State environmental police say they seized 132 pounds of cod over the weekend from a charter boat on Stellwagen Bank — where cod fishing is strictly prohibited — and donated the fish to a homeless shelter.
Maj. Patrick Moran, chief of the state Environmental Police’s coastal bureau, told the Times that the police vessel was on patrol Sunday in the northwest corner of Stellwagen Bank Marine Sanctuary, which stretches from three miles southeast of Cape Ann to three miles north of Cape Cod. Police were patrolling in light of the recent opening of the recreational haddock fishery. Recreational cod fishing is banned in this area, known as the Gulf of Maine Regulated Mesh Area.
Officers were conducting inspections on charter boats and other recreational craft when they came upon the boat in question, a charter out of Onset with 33 passengers aboard.
“The vessel was approached by our vessel and (officers) asked the captain what they had for fish aboard. When asked if they had cod aboard he said ‘no,’” according to Moran.
As the police vessel was maneuvering around the charter boat, he said the officers saw a person throwing fish over the side. It later turned out to be a crew member who threw back an undersized haddock.
After seeing this, the officers boarded the vessel and searched through the catch, which led them to the cod. Moran said several other vessels were also checked and found to be in compliance of the regulations.
The seized cod was donated to the Pine Street Inn, a homeless shelter in Boston. The Environmental Police have made a practice of donating seized seafood — or seafood unable to be returned to the water — to social service agencies, such as food pantries, including Gloucester’s Open Door, shelters, veterans organizations and the like.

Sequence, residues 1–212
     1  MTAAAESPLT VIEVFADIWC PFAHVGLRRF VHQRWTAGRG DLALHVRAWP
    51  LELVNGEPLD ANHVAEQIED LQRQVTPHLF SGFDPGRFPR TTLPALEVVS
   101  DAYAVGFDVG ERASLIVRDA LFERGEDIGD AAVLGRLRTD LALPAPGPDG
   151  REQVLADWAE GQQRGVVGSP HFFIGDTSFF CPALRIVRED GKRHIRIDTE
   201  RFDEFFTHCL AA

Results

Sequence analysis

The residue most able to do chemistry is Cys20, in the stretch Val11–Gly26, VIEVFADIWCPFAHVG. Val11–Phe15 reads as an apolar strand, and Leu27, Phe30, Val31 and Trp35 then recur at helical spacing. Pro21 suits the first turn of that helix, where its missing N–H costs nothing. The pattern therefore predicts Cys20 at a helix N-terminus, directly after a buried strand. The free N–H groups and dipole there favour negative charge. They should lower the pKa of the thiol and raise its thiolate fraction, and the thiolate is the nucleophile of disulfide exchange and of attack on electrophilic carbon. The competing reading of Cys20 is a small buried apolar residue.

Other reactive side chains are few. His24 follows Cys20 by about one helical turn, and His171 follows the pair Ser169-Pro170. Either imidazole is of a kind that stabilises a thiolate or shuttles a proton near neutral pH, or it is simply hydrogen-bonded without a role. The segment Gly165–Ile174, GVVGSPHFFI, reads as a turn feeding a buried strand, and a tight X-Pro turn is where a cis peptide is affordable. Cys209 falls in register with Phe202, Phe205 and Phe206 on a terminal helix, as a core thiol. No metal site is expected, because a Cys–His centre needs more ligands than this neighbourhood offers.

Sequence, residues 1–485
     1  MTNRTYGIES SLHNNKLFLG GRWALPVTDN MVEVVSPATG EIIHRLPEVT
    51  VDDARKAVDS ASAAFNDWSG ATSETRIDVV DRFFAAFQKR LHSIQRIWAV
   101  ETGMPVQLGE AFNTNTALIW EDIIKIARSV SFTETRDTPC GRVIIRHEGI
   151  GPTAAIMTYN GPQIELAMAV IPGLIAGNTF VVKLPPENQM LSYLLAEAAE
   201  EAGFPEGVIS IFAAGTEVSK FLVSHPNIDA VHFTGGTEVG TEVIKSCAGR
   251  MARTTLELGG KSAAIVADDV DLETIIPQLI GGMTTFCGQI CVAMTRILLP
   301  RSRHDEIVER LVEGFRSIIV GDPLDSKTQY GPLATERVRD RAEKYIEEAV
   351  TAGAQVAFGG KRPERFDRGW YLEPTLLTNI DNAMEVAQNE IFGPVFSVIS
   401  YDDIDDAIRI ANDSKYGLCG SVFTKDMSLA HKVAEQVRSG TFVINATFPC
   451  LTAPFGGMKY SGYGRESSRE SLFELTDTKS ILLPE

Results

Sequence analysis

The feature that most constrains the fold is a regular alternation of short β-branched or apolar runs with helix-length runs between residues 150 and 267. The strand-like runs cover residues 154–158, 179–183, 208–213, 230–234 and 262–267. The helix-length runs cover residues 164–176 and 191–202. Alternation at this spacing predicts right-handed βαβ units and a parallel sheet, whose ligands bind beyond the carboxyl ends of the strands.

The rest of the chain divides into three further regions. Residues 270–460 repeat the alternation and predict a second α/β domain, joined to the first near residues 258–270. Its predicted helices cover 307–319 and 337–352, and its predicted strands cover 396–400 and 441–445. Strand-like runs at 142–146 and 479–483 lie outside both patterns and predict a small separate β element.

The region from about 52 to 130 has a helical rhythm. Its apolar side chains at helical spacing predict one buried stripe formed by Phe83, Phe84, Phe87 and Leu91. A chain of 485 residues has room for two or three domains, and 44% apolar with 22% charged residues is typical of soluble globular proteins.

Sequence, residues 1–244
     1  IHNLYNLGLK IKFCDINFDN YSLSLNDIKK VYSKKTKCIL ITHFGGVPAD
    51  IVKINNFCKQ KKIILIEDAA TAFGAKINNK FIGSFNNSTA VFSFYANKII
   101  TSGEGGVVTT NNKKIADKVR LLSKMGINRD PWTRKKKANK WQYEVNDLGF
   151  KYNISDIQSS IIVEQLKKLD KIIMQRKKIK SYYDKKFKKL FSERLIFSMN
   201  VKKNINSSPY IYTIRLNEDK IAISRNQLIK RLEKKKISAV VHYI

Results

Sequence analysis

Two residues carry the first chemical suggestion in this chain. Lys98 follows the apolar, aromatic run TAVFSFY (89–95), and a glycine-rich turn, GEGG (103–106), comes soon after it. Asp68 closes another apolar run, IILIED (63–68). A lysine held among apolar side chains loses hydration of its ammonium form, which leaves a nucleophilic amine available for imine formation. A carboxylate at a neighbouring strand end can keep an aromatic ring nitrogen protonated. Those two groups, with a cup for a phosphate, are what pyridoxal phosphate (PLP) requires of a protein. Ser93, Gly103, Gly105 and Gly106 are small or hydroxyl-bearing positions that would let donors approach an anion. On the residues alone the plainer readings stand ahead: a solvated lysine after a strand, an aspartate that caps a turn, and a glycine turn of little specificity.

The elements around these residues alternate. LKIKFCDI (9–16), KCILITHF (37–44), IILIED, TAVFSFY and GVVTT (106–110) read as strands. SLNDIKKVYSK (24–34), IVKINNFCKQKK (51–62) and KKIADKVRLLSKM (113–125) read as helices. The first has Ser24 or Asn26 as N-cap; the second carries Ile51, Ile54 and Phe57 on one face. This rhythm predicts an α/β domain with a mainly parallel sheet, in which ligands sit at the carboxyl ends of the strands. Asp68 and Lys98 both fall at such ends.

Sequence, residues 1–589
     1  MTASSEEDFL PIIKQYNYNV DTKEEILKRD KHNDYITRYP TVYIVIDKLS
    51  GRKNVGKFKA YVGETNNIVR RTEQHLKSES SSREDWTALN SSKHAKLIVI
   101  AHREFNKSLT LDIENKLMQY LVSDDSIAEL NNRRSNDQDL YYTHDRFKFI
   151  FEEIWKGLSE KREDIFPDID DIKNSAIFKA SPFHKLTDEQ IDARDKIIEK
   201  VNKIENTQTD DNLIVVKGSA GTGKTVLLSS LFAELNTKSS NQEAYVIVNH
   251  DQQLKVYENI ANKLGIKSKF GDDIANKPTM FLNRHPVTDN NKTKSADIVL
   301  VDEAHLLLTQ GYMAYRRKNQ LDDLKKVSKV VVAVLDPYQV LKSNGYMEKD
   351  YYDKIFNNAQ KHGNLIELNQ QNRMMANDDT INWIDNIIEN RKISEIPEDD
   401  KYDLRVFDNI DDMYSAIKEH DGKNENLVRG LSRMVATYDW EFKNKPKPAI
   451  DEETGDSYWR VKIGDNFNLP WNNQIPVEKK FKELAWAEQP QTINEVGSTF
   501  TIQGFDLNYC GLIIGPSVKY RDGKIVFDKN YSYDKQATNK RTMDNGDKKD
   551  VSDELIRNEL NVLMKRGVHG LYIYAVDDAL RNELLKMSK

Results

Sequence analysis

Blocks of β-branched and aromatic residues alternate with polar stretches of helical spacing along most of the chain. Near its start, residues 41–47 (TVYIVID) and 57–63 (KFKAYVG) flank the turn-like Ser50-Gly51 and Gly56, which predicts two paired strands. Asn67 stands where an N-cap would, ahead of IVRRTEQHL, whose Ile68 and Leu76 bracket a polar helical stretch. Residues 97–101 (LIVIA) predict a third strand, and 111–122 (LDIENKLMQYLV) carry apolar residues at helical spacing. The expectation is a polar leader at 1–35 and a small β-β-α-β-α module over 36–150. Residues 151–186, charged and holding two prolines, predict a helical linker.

The crew member was issued a citation and the case turned over to federal authorities.
Moran said all information about this incident, including the name of the verssel, captain and the crew, was forwarded to NOAA’s law enforcement division, which will handle any actions for the violations. Environmental police officers are also deputized National Marine Fisheries agents and can therefore enforce certain regulations in federal waters.
Moran did confirm that, as the customers aboard were covered under the charter vessel’s permit — they didn’t need separate recreational saltwater fishing permits — the owner or captain of the boat could also be in legal jeopardy, in addition to whoever caught the fish.
“We will be doing intermittent patrols in that area to make sure that everyone has a level playing field,” Moran said. “Ninety percent of the boats out there are paying attention to the regulations and they find it hard to stomach when other boats aren’t.”
Joe Heckwolf, an enforcement attorney with the National Oceanic and Atmospheric Administration, said Monday afternoon he wasn’t aware of the details of this case yet. He said the law enforcement division would conduct an investigation and if that process yields evidence for charges, the case would be forwarded on to his office.
John Castelluccio can be reached at 978-675-2708 or firstname.lastname@example.org.